Page:The Outline of History Vol 1.djvu/393

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369
THE CAREER OF ALEXANDER THE GREAT

beyond the current ideas of his time, is shown not so much in those matters as in the care with which he had his son trained to carry on the policy he had created. He is one of the few monarchs in history who cared for his successor. Alexander was, as few other monarchs have ever been, a specially educated king; he was educated for empire. Aristotle was but one of the several able tutors his father chose for him. Philip confided his policy to him, and entrusted him with commands and authority by the time he was sixteen. He commanded the cavalry at Chæronea under his father's eye. He was nursed into power—generously and unsuspiciously.

To any one who reads his life with care it is evident that Alexander started with an equipment of training and ideas of unprecedented value. As he got beyond the wisdom of his upbringing he began to blunder and misbehave—sometimes with a dreadful folly. The defects of his character had triumphed over his upbringing long before he died.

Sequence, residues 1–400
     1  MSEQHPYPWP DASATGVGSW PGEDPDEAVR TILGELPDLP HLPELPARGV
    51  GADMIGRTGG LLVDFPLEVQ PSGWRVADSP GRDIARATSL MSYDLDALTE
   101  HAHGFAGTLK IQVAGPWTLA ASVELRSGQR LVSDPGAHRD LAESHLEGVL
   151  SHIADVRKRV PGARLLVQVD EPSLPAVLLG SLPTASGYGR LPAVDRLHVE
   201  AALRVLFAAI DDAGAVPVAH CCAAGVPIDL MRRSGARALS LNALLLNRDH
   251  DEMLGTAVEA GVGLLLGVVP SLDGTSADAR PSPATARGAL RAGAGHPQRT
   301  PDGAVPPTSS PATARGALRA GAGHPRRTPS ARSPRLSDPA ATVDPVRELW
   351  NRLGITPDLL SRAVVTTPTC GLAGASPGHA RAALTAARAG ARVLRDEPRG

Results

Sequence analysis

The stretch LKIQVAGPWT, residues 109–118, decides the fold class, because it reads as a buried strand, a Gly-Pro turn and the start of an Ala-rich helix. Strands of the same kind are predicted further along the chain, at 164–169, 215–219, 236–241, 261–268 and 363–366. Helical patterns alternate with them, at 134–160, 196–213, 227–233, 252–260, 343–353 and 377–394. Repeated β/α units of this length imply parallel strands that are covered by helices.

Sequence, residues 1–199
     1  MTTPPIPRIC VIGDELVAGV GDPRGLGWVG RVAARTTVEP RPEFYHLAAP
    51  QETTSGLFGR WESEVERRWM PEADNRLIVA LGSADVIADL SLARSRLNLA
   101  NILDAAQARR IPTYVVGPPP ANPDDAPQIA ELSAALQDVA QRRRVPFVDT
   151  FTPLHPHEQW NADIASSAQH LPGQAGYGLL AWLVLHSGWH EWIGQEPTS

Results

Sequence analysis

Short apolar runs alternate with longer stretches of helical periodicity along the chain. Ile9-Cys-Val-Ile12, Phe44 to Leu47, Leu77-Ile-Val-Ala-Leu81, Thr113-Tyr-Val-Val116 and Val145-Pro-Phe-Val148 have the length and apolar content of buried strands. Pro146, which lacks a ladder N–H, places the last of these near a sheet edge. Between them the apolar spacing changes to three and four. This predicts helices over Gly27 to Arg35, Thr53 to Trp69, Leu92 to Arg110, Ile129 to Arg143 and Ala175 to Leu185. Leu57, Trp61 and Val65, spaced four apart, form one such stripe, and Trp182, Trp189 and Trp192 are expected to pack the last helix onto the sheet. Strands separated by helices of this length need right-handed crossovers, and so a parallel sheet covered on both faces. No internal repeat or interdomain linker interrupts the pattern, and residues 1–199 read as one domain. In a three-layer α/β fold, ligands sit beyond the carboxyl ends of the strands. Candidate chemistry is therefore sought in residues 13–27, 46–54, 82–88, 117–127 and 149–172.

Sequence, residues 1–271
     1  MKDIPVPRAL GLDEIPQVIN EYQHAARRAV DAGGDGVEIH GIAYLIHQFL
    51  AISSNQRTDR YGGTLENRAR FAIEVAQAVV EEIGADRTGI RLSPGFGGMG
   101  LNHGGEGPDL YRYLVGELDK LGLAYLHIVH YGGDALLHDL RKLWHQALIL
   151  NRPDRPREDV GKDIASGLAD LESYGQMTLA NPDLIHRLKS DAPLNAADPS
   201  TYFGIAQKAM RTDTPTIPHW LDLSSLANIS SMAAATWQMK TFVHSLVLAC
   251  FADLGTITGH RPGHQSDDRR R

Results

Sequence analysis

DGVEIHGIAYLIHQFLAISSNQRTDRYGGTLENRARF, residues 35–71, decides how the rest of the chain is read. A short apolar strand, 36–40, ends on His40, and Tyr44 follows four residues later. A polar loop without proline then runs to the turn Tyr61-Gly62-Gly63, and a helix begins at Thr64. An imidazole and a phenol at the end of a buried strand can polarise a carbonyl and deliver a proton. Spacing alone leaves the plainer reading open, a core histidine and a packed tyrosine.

Philip was a king after the old pattern, a leader-king, first among his peers, of the ancient Nordic Aryan type. The army he found in Macedonia consisted of a general foot levy and a noble equestrian order called the "companions." The people were farmers and hunters and somewhat drunken in their habits, but ready for discipline and good fighting stuff. And if the people were homely, the government was intelligent and alert. For some generations the court language had been Attic (= Athenian) Greek, and the court had been sufficiently civilized to shelter and entertain such great figures as Euripides, who died there in 406 B.C., and Zeuxis the artist. Moreover, Philip, before his accession, had spent some years as a hostage in Greece. He had had as good an education as Greece could give at that time. He was, therefore, quite familiar with what we may call the idea of Isocrates—the idea of a great union of the Greek states in Europe to dominate the Eastern world; and he knew, too, how incapable was the Athenian democracy, because of its constitution and tradition, of taking the opportunity that lay before it. For it was an opportunity that would have to be shared. To the Athenians or the Spartans it would mean letting in a "lot of foreigners" to the advantages of citizenship. It would mean lowering themselves to the level of